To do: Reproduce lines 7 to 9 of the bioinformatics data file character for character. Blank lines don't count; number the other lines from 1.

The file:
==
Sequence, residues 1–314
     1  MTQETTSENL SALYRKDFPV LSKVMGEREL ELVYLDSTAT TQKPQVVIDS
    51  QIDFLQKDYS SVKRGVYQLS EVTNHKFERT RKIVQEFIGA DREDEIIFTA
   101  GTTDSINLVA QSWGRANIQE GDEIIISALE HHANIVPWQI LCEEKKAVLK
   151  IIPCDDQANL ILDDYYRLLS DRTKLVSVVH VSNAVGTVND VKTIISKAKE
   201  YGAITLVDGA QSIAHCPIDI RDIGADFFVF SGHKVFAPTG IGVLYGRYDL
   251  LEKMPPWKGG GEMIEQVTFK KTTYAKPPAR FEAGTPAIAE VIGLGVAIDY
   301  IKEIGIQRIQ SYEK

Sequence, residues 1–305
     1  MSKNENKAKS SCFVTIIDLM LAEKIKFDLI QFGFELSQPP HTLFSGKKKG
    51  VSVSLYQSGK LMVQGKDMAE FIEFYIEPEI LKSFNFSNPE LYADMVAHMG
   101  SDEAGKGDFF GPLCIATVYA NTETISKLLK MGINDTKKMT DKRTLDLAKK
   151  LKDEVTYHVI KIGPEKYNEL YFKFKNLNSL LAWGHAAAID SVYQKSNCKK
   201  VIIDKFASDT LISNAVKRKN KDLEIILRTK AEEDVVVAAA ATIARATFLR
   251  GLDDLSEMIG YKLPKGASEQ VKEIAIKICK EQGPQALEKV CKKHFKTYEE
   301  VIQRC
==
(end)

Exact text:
   251  LEKMPPWKGG GEMIEQVTFK KTTYAKPPAR FEAGTPAIAE VIGLGVAIDY
   301  IKEIGIQRIQ SYEK

Sequence, residues 1–305